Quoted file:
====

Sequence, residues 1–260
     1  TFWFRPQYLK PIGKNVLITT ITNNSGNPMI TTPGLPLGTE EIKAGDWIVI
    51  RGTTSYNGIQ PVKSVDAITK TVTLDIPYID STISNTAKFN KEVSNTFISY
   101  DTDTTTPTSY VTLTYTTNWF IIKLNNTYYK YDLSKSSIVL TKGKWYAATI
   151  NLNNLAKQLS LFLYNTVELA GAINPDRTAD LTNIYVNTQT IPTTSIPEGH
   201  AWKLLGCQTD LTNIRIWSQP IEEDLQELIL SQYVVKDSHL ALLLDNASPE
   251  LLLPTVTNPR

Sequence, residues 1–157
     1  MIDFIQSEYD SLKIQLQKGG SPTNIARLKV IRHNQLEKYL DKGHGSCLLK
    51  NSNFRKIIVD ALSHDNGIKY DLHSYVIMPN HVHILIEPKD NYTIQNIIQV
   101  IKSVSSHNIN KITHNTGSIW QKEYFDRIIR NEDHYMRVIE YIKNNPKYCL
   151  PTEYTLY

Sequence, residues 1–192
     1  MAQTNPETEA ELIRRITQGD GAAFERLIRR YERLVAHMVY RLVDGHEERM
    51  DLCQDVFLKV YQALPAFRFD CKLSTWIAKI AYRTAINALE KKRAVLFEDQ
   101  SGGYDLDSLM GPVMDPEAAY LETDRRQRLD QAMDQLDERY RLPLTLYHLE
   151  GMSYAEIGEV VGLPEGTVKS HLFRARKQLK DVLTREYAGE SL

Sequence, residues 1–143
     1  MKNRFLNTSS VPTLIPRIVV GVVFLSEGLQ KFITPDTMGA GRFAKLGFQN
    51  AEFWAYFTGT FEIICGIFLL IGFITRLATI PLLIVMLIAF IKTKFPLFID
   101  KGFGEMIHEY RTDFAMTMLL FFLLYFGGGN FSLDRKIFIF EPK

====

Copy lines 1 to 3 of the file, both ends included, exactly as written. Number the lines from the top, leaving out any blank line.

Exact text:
Sequence, residues 1–260
     1  TFWFRPQYLK PIGKNVLITT ITNNSGNPMI TTPGLPLGTE EIKAGDWIVI
    51  RGTTSYNGIQ PVKSVDAITK TVTLDIPYID STISNTAKFN KEVSNTFISY